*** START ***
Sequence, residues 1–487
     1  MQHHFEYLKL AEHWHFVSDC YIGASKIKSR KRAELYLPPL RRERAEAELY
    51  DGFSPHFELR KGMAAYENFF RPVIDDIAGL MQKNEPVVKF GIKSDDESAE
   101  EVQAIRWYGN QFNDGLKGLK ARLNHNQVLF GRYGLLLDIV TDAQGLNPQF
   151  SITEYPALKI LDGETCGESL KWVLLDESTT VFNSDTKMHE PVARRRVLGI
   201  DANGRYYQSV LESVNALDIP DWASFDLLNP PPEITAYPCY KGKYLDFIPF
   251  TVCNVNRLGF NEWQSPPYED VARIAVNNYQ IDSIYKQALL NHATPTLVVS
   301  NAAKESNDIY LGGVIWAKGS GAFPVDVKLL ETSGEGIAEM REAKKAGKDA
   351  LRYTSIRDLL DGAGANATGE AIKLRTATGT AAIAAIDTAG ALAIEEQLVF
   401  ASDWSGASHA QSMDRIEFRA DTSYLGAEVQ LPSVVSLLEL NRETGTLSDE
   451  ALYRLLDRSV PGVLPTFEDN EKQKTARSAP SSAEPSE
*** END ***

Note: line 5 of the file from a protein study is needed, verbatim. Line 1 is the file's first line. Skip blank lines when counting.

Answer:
   151  SITEYPALKI LDGETCGESL KWVLLDESTT VFNSDTKMHE PVARRRVLGI